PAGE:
Thursday, February 2, 2023  

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DTN Midday Livestock Comments          02/02 11:19

   Cattle Futures Cast Big Shadow on Groundhog's Day

   Livestock futures buying activity has picked up steam through Thursday 
morning, and the direction of trade has been decidedly upward.

Elaine Kub
Contributing Analyst


   Livestock futures buying activity has picked up steam through Thursday 
morning, and the direction of trade has been decidedly upward. Although the 
cash cattle market may continue to wait until Friday for major business, asking 
prices are noted in the South at $158 to $160. Meanwhile, buyers have propelled 
futures prices higher, with feeder cattle leading the daily gains in an attempt 
to match the bullishness of live cattle futures hitting new contract highs. 
Lean hog futures are also higher for the day but lingering near recent lows. 
March corn is down 5 1/4 cents per bushel and March soybean meal is up $4.20 
per ton. The Dow Jones Industrial Average is down 162 points.


   The weekly export-sales report showed net sales of beef at 25,200 metric 
tons, once again led by South Korean business, which even slightly beats out 
last week's highly positive report. February live cattle are up $1.10 at 
$159.525, April live cattle are up $1.125 at $163.35 and June live cattle are 
up $1.15 at $159.85. At its highest point so far during Thursday morning's 
trade, the nearby live cattle contract has hit a fresh contract high: $159.675. 
Although there's a lot of trading session left, this kind of momentum does help 
set the sentiment for cash cattle trade toward the end of the week. So far, 
asking prices in the South have been set at $158 to $160, and the market may 
continue to wait until Friday to really develop. Thursday's slaughter is 
estimated at 127,000 head, which is 1,000 more than a week ago and 13,000 more 
than a year ago at this time.

   Boxed beef prices are higher Thursday morning: choice up $0.11 ($265.18) and 
select up $0.68 ($253.46), with a movement of 71 loads (44.1 loads of choice, 
13 loads of select, 5.82 loads of trim and 7.96 loads of ground beef).


   Feeder cattle futures are casting shadows with towering triple-digit gains 
Thursday, with March feeders up $2.675 at $185.925, April feeders up $1.825 at 
$189.775 and May feeders up $1.475 at $193.875. If this market was a groundhog, 
it would be predicting six more weeks of winter. That would be OK for cattle 
country, if it meant some drought-busting snow or spring precipitation in the 
High Plains, but unfortunately, the short- and long-term weather forecasts all 
look like maximum pain for cattle operations. The ongoing ice storm that has 
hit Texas and Oklahoma snarls logistics for feedlots, and the long-term 
projection for continued drought adds no optimism for grass calves in droughty 
regions. Thursday's midday gains are helping the market to make a run at some 
new contract highs, like the live cattle market has been doing, except the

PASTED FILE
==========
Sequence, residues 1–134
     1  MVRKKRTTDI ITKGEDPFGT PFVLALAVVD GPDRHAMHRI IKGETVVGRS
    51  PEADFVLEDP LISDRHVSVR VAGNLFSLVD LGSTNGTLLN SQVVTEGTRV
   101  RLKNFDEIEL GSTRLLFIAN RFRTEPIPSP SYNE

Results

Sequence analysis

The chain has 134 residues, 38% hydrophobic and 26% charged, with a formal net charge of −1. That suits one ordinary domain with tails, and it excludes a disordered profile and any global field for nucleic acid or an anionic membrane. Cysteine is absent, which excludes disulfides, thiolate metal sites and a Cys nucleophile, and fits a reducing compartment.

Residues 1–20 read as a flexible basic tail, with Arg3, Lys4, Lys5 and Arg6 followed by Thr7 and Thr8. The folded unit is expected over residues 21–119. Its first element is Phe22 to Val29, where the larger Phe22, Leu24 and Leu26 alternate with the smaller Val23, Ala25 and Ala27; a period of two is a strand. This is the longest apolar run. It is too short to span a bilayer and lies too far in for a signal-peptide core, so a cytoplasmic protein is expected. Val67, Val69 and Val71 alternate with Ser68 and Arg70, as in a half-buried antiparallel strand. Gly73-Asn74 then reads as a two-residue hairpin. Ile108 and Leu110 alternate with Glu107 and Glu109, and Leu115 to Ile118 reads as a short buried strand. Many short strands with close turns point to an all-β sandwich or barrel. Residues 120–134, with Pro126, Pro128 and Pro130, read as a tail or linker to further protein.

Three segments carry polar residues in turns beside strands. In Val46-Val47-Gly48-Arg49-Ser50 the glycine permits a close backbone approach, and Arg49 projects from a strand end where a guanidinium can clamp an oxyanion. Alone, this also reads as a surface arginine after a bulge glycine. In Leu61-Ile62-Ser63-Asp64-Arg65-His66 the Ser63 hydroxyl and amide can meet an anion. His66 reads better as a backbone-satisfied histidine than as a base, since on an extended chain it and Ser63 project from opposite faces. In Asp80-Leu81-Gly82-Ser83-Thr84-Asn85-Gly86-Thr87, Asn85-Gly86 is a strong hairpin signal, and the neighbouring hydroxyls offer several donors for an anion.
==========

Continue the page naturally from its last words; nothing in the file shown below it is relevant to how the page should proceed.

March feeder cattle contract would have at least another $7 to move before it 
could retake its August highs.


   Pork and lean hog prices have been bouncing up and down in recent days, but 
not in any organized way that would counteract the overwhelmingly bearish trend 
in this market since the start of the year. On Thursday morning, February lean 
hogs are up $1.25 at $75.225, April lean hogs are up $1.25 at $85.55 and May 
lean hogs are up $0.80 at $94.575. The weekly export sales report, showing net 
sales of 30,900 metric tons for 2023, also included decreases for several 
important countries. Almost half of the weekly sales were attributed to Mexico. 
Meanwhile, on Wednesday, the Federal Reserve raised its benchmark rate by only 
a quarter of a percentage point, giving the stock market a reason to keep 
rising Thursday in a friendlier valuation environment. Although the lean hog 
market does tend to respond to outside market influences like this, on 
Thursday, the overwhelming recent bearish trend in pork prices may be a far 
more powerful factor. The pork cut-out value has moved lower than it's been 
since November 2021. It doesn't look like there's any reprieve of the large 
supplies, either -- Thursday's slaughter is projected at 490,000 head, which is 
1,000 more than a week ago and 79,000 more than a year ago at this time.

   The projected CME Lean Hog Index for Jan. 31 is down $0.07 at $72.51 and the 
actual index for Jan. 30 was down $0.13 at $72.58. Thursday's Daily Direct 
Morning Hog Report showed a weighted average price of $72.86 (up $2.43) on 
6,958 head. Prices ranged from $70 to $77, and the 5-day rolling average is now 
$71.17. Pork cutouts total an abundant 214.16 loads with 188.97 loads of pork 
cuts and 25.19 loads of trim. Pork cutout values: up $2.86 to $81.81.

   Elaine Kub, CFA is the author of "Mastering the Grain Markets: How Profits 
Are Really Made" and can be reached at or on 
Twitter @elainekub.

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